San Cristóbal de Las Casa, un pueblo mágico, indeed

It was love at first sight. I was still not quite there but the road leading the way was already sending me some very positive signals. I had flown from Mexico City to the state of Chiapas – the poorest in Mexico. I was going to spend two days and two nights in San Cristóbal.

San Cristóbal de las Casas is a small town where being different isn’t a motive for gossip, a threat to tradition or a reason to leave. Quite the opposite: difference seems to be celebrated and shouted out loud for the world to hear. It bears tradition in its roots and expresses it in diverse, vibrant ways. It invites free souls with original ideals and unique talents to come and to stay.

I purposely included the town in my itinerary because I wanted to get a feel of a small traditional mexican little town. As many might see Mexico as a beach, party-like destination, for me it has always been about culture and history. I was excited to experience it in the flesh and San Cristobal happened to me on the way to another destination I didn’t want to miss (stay tuned).

But what I was not expecting to find was an incredible young atmosphere, vibrant with so much originality, artistry and even a bit hipster but yet without losing its mexican roots, staying so closely tied with ancient and traditional practices. This was the place where I realised how the Mayan culture still prevails and lives strong in the blood of so many people and how it sits so well with modern times. I was so glad such a great civilization hadn’t died out, even though catholic searches are literally in every corner of this town.

It is simply such a beautiful place. Colourful, energising. Sitting in the middle of big mountains, the city was founded by the Spanish who found the town of Chiapas de Corzo way to hot. And well, when I landed on Tuxla Gutierrez airport, I noticed how hot it was, and I couldn’t believe I had to wait three hours for a bus to San Cristóbal. But it was definitely worth the wait. The bus was actually a well air conditioned van, taking about 10 people inside, driving us comfortable through the curvy roads of the hills of Chiapas to our destination, while through the window I could admire magnificient views which many wouldn’t ever imagine were from Mexico.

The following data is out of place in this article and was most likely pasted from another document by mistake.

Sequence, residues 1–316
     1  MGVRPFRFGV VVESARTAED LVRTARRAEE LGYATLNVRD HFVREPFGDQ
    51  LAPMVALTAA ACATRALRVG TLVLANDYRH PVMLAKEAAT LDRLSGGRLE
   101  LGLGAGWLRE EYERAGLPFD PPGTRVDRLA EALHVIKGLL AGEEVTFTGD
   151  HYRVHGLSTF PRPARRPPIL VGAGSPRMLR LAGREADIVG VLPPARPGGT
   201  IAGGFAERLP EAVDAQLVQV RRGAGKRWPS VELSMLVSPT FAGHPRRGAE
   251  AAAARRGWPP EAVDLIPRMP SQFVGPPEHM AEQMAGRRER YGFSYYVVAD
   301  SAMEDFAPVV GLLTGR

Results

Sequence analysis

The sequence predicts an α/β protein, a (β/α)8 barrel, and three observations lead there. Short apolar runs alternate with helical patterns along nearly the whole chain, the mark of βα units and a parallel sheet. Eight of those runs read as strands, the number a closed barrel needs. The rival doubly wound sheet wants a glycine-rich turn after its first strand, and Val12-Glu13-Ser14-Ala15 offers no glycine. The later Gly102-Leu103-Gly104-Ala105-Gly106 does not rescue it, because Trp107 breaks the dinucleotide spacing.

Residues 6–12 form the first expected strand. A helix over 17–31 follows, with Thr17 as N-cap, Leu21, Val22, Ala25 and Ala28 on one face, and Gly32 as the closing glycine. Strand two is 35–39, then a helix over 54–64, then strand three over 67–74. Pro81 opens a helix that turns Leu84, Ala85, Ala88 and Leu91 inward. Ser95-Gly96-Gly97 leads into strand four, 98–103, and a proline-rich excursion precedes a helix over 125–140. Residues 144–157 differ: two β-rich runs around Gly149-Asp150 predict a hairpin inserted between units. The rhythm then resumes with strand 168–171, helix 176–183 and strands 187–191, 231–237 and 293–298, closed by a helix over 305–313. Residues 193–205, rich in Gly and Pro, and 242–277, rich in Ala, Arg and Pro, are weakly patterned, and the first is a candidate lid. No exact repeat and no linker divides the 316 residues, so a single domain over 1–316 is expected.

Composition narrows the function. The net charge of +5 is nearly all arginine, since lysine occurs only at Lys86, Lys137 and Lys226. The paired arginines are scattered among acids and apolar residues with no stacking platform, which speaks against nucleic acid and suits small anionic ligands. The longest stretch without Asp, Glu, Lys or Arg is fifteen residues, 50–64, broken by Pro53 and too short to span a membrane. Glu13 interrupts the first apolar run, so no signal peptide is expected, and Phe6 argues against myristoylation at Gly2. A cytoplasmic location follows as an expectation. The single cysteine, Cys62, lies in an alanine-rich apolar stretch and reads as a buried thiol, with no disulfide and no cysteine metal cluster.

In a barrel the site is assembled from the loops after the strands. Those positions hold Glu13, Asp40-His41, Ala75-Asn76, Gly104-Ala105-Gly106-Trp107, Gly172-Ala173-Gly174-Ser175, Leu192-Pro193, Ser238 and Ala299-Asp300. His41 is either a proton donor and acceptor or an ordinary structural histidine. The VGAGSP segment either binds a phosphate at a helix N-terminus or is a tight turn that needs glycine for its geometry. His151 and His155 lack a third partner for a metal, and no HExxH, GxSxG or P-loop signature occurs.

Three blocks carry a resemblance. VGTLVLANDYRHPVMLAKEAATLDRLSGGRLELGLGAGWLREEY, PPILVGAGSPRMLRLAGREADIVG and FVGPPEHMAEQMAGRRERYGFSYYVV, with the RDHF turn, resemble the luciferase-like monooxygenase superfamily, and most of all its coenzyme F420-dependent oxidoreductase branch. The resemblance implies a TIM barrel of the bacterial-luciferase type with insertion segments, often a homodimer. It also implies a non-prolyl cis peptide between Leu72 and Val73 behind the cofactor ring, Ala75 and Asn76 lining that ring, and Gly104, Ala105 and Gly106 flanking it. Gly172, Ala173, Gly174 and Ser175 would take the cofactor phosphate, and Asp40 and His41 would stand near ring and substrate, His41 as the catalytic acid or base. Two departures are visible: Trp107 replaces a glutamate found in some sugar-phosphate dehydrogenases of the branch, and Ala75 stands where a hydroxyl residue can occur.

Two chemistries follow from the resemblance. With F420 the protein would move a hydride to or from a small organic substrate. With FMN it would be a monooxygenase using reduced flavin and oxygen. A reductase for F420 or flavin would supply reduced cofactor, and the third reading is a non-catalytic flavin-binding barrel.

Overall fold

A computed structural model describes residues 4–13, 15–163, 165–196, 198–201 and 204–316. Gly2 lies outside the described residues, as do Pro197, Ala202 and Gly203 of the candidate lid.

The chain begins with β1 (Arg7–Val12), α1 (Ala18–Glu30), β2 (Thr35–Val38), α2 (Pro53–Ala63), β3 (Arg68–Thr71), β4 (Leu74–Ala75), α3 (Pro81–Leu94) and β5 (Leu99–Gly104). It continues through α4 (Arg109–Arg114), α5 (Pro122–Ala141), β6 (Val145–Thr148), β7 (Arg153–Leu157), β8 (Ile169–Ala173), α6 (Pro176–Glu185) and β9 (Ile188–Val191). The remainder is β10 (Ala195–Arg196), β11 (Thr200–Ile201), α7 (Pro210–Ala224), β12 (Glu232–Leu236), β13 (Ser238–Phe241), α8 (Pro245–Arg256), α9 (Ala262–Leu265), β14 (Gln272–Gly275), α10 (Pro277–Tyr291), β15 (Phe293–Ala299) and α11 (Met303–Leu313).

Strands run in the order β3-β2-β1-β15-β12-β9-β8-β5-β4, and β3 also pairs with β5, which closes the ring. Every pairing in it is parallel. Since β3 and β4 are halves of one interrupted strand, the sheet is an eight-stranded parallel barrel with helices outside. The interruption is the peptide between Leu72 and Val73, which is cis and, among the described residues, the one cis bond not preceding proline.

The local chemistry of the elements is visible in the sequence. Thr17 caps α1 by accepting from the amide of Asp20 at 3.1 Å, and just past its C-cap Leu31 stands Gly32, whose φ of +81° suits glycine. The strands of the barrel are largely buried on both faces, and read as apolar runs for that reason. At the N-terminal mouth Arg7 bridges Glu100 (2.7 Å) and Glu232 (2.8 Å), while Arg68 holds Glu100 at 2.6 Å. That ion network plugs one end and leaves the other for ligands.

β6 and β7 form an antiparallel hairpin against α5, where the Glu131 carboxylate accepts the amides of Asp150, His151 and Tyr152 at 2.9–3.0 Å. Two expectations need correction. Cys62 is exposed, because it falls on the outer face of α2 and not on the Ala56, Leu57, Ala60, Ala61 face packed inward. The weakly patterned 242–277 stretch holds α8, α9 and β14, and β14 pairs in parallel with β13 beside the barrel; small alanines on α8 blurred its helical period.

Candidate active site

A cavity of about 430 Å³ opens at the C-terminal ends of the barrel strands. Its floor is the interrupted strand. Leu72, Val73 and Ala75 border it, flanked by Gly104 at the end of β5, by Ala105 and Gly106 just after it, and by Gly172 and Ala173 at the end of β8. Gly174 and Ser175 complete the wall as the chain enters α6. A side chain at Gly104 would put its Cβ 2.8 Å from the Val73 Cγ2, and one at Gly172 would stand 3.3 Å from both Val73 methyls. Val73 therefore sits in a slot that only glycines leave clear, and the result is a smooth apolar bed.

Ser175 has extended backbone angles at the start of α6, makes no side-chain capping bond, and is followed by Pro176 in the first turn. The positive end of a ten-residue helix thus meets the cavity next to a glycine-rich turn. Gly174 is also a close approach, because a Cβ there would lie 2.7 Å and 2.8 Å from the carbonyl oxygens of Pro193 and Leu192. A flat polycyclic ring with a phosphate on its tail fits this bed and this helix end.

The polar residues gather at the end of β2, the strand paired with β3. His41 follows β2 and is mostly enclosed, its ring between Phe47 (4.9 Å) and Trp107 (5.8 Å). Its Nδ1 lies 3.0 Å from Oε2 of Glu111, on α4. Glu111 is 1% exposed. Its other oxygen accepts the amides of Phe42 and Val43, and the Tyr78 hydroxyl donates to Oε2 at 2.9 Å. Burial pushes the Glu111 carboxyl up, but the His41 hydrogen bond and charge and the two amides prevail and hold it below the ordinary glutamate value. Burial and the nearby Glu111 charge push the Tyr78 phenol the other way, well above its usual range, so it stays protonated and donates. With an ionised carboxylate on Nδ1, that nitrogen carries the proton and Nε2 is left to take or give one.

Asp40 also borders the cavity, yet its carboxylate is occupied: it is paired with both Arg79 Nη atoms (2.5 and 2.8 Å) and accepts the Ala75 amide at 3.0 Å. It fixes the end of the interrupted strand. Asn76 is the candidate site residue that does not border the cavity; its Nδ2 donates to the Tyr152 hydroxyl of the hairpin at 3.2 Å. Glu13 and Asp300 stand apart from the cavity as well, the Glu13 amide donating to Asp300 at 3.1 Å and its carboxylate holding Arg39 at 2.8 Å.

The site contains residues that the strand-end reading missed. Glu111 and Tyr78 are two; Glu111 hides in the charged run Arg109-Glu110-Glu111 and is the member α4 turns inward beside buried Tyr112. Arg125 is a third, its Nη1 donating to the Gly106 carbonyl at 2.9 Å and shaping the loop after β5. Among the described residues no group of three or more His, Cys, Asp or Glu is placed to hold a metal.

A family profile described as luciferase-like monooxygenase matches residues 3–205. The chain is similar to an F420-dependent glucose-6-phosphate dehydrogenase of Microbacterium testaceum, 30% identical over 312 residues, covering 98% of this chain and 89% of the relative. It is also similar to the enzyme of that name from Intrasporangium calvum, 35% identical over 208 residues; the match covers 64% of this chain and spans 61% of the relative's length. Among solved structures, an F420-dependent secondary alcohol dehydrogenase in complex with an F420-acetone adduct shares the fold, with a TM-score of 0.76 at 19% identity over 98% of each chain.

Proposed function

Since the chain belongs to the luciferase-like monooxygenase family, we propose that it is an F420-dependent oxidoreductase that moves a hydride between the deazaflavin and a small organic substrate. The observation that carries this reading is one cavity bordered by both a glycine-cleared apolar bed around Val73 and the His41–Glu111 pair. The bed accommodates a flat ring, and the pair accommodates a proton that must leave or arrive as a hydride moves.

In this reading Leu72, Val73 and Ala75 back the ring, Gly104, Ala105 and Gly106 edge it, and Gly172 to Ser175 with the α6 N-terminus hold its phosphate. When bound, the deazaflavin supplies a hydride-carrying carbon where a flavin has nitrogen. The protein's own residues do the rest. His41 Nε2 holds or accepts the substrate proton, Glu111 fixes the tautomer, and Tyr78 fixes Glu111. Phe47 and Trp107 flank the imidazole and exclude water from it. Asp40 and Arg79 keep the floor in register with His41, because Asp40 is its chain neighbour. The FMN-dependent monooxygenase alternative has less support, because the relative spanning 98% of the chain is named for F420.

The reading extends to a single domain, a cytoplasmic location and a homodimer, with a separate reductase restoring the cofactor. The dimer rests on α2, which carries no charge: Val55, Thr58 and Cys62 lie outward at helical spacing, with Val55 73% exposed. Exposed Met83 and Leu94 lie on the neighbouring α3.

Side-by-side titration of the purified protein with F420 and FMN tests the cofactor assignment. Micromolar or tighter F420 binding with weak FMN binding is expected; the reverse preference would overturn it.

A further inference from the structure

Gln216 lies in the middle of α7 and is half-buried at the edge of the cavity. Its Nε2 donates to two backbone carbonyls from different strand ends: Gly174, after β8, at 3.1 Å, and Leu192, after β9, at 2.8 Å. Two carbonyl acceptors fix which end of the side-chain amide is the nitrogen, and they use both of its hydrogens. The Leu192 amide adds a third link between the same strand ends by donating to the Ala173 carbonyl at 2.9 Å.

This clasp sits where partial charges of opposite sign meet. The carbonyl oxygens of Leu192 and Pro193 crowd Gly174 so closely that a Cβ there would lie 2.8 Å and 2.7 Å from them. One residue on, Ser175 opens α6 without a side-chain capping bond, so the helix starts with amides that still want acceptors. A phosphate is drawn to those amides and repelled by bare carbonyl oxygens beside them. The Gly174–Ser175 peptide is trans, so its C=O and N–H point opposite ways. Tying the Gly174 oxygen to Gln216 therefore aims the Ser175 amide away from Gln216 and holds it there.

After posting some stories on my Instagram account, I actually received messages from friends asking where the hell was I, didn’t you go to Mexico? It is incredible the misconceptions one can get from a country, especially such a big one as Mexico… Chiapas is actually where the last big jungle is located, before continuing up in the North hemisphere (I also learned while researching for this trip that Mexico is often considered to be North America, which for me was completely alien. Mexico was always Central America for me… but when looking at the world map more closely I could eventually understand why it would fall in such category, despite being so different from what we would consider north, and even more from the US or Canada).

So… yeah San Cristóbal de Las Casas is a dream, my fellow travellers. And a photographic, incredibly lense friendly one. While in Mexico City I was struggling to get light for my photos (the smog was intense) or even photos which would look straight (the mexican capital is sinking), San Cristobal was a feast for my eyes and for my camera. My photos has barely any editing… but, on the other hand, it was so difficult to choose which ones to post… as it’s been difficult to refrain myself from writing about San Cristobal. In only two days I did so much… and please do follow my advice and start by taking a Free Walking Tour. I had the best walking tour I have ever had.

Please, do follow my advice and take this tour. I specifically enjoyed the option to take a walking tour in the evening, at 5pm. Since I arrived shortly after lunchtime, I was eager to get a guided first tour of the city before starting on my own. Our guide, Marina, was german, but living in San Cristobal for over two years, she was exceptional, friendly, the most welcoming person. And an impersonation of what I come to realise San Cristobal actually is – a hub for young spirits to come and express their artistic talents in a safe place, where tradition is sacred, maintained and the base to the development of new ideas and feed the upcoming generations.

This walking tour included a coffee tasting (I had exquisite coffee in Mexico, such loved change in comparison with the crappy coffee I had to get used to in London), a chocolate tasting and a posh tasting – a local produced alcoholic drink that I definitely enjoyed a lot more than the most famous tequila and mezcal.

So… if you can, include San Cristóbal in your Mexican trip plans 🙂



5 thoughts on “San Cristóbal de Las Casa, un pueblo mágico, indeed

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